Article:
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1. By the Numbers

1 WEEK TO 1 YEAR: The average time produce spends between its farm and US grocery store shelves

1 DAY: The average time produce spends between its farm and PFM

7: Number of markets under the Portland Farmers Market umbrella

240+: Vendors who currently participate at PFM’s locations

$8M: The annual economic impact of the PFM through sales alone

25,000: The weekly attendance of the markets in the height of summer (i.e., now)

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2. Cherry Hacking

In the brand-new Portland Farmers Market Cookbook, PFM board member Ellen Jackson offers a clever cherry-pitting hack: “Round up a large paperclip and the cork from last night’s wine. Bend the paperclip back and forth until it breaks into two open loops. Push the smaller loop in one end of the cork until it protrudes no more than half an inch. Plunge the loop into the stem end of the cherry, using the cork for leverage, hook the pit, and ease it out.”

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The Portland Farmers Market in the early 1990s

3. The Early Days

The seven markets began as a single, humble setup in the parking lot of the Albers Mill on NW Front Avenue, along the banks of the Willamette. (It’s now an empty lot, near the Broadway Bridge). The first day of the market, a sunny morning in June 1992, 13 vendors participated with an impressive show of flowers, walnuts, organically farmed produce, and baked goods. “We were pretty happy with that,” remembers cofounder Craig Mosbaek. The road to growth would not be easy. In March 1998, just before the opening of the sixth season, the Naito family prohibited use of their Albers Mill lot on the market’s normal Saturday mornings. Mosbaek and his coleaders established a new, permanent home at Portland State University, bringing life to the otherwise quiet Saturday morning downtown. Settled in the South Park Blocks, the flagship market experienced rapid growth, shooting from about 20 vendors to more than 120. By 2012, PFM had established an outpost in each Portland quadrant.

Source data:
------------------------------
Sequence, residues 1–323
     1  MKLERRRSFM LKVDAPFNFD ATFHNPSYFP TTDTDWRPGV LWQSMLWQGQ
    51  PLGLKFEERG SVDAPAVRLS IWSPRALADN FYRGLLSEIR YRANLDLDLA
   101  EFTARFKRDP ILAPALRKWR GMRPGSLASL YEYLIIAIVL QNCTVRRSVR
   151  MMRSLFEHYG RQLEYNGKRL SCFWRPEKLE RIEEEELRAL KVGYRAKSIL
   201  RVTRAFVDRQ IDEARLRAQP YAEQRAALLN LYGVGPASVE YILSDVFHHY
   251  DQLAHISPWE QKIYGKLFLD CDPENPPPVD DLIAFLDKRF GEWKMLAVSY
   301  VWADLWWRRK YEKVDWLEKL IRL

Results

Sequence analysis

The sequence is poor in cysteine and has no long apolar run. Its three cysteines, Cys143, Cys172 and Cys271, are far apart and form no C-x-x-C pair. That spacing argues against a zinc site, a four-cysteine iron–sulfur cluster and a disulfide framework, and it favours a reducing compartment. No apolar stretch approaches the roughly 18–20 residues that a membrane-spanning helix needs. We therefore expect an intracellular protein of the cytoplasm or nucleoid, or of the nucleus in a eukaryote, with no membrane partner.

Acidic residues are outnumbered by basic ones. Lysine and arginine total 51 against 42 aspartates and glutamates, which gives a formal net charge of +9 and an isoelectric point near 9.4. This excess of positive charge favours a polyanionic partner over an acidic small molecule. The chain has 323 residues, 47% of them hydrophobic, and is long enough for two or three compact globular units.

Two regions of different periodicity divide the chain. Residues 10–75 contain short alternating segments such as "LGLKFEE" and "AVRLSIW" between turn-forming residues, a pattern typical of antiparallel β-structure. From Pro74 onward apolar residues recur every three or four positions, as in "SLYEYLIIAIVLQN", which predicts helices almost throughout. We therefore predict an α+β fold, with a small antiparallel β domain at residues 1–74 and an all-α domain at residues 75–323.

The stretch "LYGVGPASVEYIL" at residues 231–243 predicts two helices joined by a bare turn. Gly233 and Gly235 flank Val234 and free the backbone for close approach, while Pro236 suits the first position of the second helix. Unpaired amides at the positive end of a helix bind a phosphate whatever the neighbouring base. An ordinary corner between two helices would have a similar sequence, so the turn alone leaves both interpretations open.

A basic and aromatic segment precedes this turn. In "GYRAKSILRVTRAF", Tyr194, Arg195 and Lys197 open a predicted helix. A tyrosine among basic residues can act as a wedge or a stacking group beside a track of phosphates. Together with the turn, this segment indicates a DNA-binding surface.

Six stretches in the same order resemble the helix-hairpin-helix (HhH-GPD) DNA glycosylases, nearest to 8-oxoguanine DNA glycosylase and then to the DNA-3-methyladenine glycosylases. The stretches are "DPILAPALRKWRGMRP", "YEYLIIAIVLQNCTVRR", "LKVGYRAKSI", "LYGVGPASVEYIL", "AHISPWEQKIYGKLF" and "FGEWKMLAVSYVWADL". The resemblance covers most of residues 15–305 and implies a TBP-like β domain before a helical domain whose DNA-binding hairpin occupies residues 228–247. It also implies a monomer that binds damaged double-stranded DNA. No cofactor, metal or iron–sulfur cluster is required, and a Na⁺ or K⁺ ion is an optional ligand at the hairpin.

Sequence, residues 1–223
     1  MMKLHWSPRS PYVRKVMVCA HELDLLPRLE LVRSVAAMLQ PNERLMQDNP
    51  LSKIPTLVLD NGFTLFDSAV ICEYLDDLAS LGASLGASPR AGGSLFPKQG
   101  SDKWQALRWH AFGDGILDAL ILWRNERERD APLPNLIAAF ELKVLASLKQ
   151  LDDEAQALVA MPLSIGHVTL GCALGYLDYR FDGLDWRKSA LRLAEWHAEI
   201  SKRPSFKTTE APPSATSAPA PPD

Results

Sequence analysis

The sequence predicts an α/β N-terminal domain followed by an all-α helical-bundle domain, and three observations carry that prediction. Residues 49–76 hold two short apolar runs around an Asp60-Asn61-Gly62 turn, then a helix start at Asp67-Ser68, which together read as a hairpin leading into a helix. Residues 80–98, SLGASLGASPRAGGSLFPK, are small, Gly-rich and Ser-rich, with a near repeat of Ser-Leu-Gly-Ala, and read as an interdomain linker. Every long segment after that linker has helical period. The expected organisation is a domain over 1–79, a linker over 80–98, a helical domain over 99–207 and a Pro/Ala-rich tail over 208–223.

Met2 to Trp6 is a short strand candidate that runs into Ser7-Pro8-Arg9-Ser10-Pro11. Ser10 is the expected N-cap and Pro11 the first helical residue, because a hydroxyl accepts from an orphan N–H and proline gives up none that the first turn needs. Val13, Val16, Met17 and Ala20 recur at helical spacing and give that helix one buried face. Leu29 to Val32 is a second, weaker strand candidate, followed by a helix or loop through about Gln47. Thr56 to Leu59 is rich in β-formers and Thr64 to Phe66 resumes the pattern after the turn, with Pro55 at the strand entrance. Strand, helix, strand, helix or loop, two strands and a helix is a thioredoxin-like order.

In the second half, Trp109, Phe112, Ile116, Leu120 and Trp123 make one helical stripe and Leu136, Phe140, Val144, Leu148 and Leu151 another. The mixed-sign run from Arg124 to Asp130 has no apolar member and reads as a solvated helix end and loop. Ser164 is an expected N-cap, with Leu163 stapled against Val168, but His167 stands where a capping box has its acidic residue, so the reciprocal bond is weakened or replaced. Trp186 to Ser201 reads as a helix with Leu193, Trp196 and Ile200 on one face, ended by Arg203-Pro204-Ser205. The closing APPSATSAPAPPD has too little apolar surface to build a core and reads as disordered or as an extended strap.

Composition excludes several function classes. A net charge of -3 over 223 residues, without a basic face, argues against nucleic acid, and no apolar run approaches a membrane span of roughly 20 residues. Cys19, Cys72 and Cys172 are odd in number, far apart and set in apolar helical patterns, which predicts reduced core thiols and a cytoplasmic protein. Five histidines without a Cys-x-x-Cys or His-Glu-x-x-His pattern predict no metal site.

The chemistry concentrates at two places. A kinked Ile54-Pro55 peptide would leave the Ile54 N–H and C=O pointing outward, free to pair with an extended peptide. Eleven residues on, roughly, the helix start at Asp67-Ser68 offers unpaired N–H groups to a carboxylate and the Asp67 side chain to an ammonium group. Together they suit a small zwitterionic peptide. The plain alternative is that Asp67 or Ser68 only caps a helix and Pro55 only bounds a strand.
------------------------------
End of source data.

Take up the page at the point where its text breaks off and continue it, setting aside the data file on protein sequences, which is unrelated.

4. Q&A With Kathy Unger, Co-Owner of Unger Farms

How has the market changed your business? Customers liked to buy in half flats, which is six pints, so we had a box made that held exactly six pints. At the time we had those made, you couldn’t find them anywhere—vendors were cutting full flats in half. Now half flats are all we pick into. Customers were [also] looking for strawberries all summer long, so we started planting albions—they’re an everbearing strawberry, which means we have strawberries all the way to October. We’ve added blueberries, raspberries, and blackberries, because people were asking for them.

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5. Produce Trendiness Power Ranking

  1. Romanesco
  2. Fiddleheads
  3. Sunchokes
  4. Watermelon radishes
  5. Chard
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